Marketing to kids glut in restaurants, stores, raises concerns

New report warns of negative impact on children’s health

Marketing of unhealthy food and beverages to kids is ubiquitous in point-of-sale locations across Canada, like grocery stores, restaurants and corner stores, according to new research from the University of Waterloo. The report, which compiles data from over 2000 restaurants and 800 stores that sell food, details how food and beverage companies employ dozens of tactics to market their products directly to children.

“We were astonished to see the pervasiveness of marketing to kids in stores and restaurants across Canada,” says Dr. Leia Minaker PhD, Associate Professor at Waterloo and author of the report. “While we expected to see marketing to kids in Canadian stores, we were surprised by the breadth of techniques employed by food and beverage marketers.”

The research report, funded by Heart & Stroke, included data collected from 11 regions across eight provinces and two territories.  The use of child themes and designs was the most common marketing technique, followed by the use of branded characters. “ We see marketers using bright colours, images and other design elements that are commonly associated with children, like magic, adventure and zoo animals,” explains Dr. Minaker. “These themes and designs appeared in many places, including on a third of beverage fridges and two thirds of ice cream fridges.”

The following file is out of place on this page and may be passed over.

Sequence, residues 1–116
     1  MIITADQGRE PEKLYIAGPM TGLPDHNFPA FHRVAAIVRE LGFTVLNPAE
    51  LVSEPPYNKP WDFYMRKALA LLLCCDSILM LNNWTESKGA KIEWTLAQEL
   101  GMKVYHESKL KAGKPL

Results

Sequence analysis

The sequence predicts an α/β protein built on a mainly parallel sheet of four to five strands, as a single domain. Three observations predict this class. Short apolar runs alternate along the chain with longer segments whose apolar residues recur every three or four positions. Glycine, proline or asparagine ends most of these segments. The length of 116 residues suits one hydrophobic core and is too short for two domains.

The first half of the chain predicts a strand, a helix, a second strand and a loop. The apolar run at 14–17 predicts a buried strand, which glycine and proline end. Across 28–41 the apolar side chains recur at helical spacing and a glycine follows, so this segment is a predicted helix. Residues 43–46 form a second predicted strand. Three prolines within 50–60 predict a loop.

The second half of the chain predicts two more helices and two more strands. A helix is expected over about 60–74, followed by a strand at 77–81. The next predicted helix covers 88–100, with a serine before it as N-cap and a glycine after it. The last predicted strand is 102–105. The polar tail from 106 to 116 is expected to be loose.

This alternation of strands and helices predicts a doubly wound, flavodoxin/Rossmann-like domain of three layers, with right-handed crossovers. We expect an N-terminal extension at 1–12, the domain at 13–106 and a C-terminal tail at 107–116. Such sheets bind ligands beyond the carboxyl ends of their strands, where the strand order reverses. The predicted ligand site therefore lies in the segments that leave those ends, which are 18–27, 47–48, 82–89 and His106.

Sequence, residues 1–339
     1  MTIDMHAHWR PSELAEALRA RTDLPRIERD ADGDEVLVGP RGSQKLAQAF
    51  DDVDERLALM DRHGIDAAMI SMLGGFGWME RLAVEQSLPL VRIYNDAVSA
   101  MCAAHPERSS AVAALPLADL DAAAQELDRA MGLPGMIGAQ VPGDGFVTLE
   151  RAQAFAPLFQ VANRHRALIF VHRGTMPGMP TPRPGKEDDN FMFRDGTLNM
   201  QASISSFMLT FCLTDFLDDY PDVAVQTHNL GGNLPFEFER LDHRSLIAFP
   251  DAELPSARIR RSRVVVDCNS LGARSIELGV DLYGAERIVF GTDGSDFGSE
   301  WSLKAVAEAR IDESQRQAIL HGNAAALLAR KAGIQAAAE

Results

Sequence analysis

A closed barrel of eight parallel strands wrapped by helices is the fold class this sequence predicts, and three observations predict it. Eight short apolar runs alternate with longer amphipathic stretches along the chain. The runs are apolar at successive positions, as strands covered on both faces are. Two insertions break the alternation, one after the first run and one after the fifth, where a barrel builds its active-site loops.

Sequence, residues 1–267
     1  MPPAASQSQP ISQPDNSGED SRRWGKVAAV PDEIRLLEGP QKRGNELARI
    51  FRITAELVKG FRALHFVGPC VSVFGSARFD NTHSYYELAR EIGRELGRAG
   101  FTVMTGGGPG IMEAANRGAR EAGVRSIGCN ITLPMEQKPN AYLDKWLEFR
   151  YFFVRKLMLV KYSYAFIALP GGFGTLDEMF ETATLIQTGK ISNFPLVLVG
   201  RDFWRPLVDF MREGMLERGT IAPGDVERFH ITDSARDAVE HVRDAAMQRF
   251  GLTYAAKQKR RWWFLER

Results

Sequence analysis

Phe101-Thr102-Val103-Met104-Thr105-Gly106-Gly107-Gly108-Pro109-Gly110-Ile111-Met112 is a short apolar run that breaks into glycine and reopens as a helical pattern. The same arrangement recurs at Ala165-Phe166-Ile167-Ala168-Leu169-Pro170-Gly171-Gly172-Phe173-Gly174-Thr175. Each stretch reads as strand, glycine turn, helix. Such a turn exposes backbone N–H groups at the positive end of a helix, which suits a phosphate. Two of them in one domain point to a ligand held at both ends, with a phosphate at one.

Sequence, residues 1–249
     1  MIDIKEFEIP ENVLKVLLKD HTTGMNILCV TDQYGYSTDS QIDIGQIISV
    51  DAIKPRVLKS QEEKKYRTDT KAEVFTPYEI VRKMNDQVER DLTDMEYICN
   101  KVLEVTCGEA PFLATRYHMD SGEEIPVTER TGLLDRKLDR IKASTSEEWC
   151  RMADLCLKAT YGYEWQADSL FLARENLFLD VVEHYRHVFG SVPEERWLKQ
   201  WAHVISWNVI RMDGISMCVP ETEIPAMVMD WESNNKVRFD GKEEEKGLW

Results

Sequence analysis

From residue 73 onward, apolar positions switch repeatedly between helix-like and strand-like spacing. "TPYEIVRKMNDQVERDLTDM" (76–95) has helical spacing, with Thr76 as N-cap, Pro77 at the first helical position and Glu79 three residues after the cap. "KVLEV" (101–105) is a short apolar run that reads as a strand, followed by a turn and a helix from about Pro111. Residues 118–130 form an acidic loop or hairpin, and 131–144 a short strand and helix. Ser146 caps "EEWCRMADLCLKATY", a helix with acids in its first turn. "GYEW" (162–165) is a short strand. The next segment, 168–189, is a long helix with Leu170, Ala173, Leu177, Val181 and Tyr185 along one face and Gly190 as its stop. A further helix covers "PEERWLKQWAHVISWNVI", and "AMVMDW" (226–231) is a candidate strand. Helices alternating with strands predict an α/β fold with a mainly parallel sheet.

Children are exposed to a substantial amount of advertising for unhealthy foods and beverages before they even enter a store, according to the report. Half of the ads outside of stores and 41% outside restaurants used at least one child-directed marketing technique. The bombardment continues within stores with displays in the middle of aisles featuring child themes and branded characters. The research found on average there are nine of these displays per store.

Store checkouts are also considered a prime location for marketing to kids because items are displayed at children’s eye level and within their reach. This placement encourages ‘pester power’— when a child nags or pesters their parents to make an impulse purchase – a key reason why marketing to kids is so effective. The report found that nearly all stores (84%) had gum and candy available at the checkout, while only 6% had fruit available and only 2% had vegetables.

The prevalence of marketing to kids is troubling because it works, leading to increased consumption of unhealthy foods and sugary drinks. Children aged 9-13 in Canada are getting almost 60% of their daily calories from ultra-processed foods, high in salt, sugars and saturated fat -- more than any other age group.

“Food marketers do not have kid’s health at heart,” says Doug Roth, CEO of Heart & Stroke. “Given the high proportion of child-directed marketing observed in both stores and restaurants in this Canadian research, it’s clear that policies aimed to restrict marketing of unhealthy food and beverages to kids– something long promised by the federal government– should include point-of-sale locations.”

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Kate Comeau, Communications Advisor, Mission